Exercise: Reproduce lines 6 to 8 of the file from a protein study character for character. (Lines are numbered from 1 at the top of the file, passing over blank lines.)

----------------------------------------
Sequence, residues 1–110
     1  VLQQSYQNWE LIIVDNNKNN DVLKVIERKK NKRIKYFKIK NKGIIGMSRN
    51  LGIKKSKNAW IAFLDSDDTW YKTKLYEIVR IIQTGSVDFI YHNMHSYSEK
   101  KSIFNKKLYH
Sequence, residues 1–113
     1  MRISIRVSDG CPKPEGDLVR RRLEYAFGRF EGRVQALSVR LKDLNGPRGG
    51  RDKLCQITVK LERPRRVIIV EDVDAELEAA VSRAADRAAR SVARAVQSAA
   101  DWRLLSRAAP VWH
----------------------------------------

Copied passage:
     1  MRISIRVSDG CPKPEGDLVR RRLEYAFGRF EGRVQALSVR LKDLNGPRGG
    51  RDKLCQITVK LERPRRVIIV EDVDAELEAA VSRAADRAAR SVARAVQSAA
   101  DWRLLSRAAP VWH